One of the most popular VPN providers these days is Private Internet Access (PIA). In this tutorial, I’ll show how to add a VPN connection to the Linux network manager with PIA’s service, using OpenVPN instead of PIA’s client software. Though the client app is robust and offers many useful features like a “VPN killswitch”, it can still crash and warns about potential network issues when you go to enable said features. There are also issues with IPv6 leaking which can compromise your privacy. PIA’s client is still in beta for Linux, so instead you can install OpenVPN, a free and open source software, and reap the benefit of a larger software project with most of the bugs already discovered and addressed. Adding a VPN connection on Linux is easy because the manager will pull most of the configuration information from the cert file PIA provides you. Lastly, I’ll show how to disable IPv6 on Linux to prevent it from leaking and revealing your IP address. With this method, I’m able to retain nearly 100% of my download speed.
This should work on most distributions (Ubuntu, Mint, Lubuntu, Gnome, etc). If you are a beginner and feel overwhelmed already, you might want to see tldr;
- Build dependencies, edit NetworkManager.conf, and grab PIA’s openvpn zip file. Each line is a separate command.
sudo apt-get update sudo apt-get install network-manager-openvpn network-manager network-manager-gnome network-manager-openvpn-gnome sudo nano /etc/NetworkManager/NetworkManager.conf # change managed from false to true sudo mkdir -p /etc/openvpn cd /etc/openvpn wget http://www.privateinternetaccess.com/openvpn/openvpn.zip unzip openvpn.zip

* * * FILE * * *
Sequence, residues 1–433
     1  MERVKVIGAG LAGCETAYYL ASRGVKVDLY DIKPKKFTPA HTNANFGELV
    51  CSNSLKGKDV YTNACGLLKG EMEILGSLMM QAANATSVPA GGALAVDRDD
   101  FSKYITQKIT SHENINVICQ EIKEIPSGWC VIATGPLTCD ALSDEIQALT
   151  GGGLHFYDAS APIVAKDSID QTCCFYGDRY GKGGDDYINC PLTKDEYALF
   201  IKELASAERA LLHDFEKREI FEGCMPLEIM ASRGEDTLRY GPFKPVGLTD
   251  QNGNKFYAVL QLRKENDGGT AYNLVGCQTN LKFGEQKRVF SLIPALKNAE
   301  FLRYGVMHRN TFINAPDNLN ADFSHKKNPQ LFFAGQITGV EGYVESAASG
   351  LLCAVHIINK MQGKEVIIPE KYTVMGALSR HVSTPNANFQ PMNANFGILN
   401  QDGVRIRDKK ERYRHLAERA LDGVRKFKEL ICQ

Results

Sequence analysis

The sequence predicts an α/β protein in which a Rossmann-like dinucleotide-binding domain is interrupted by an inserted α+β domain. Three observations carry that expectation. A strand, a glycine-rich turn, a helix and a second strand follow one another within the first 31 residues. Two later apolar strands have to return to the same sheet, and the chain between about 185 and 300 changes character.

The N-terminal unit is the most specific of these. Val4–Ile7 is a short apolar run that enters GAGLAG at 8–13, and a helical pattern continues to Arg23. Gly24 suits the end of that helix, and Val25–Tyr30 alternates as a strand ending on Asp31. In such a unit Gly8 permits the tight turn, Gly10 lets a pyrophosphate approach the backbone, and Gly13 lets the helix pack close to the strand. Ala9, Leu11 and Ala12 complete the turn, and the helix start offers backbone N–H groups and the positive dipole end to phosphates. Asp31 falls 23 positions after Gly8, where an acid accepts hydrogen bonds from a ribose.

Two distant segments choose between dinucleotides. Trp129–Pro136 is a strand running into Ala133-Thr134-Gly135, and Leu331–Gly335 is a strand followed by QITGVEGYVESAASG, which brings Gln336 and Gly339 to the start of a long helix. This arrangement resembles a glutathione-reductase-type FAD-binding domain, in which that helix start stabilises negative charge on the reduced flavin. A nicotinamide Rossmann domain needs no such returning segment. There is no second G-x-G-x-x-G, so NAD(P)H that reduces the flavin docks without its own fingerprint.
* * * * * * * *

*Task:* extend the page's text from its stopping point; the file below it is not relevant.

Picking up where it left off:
- Then click your connection icon in the upper right hand corner –> Network Settings
- Add new connection –> VPN –> Import from file
- Select the desired .ovpn file from where you want to connect from
- Add DNS servers. I used two of PIA’s DNS. You can use these, they are listed on the PIA site, or you can use OpenDNS addresses.
- Change the custom gateway port to 1198. The rest of the settings should be correct.
- Select cipher and HMAC Authentication. Note: you can use a stronger encryption method (higher number in cipher) at the cost of speed.
- Hit OK, Apply. Restart. Make sure you have your account number and password entered in the network setting manager. Connect by clicking the OFF/ON button visible in the picture from step 2. You should now be connected nearly instantly.
- Check to see if it is working by searching “what is my ip”. Observe IPv6 leaks on ipv6leak.com. You can verify that your IPv6 has leaked by typing “ifconfig” into the terminal and seeing if it matches the one displayed on the website.
- The best way to disable ipv6 is by adding “ipv6.disable=1” right before “quiet splash” in your GRUB file. This should work on a wider range of systems.
sudo nano /etc/default/grub GRUB_CMDLINE_LINUX_DEFAULT="ipv6.disable=1 quiet splash" sudo update-grub
10b. Stop your IPv6 from leaking by adding the following lines to /etc/sysctl.conf
>> sudo nano sysctl.conf # add the below lines ################################################ # DISABLE IPV6 net.ipv6.conf.all.disable_ipv6 = 1 net.ipv6.conf.default.disable_ipv6 = 1 net.ipv6.conf.lo.disable_ipv6 = 1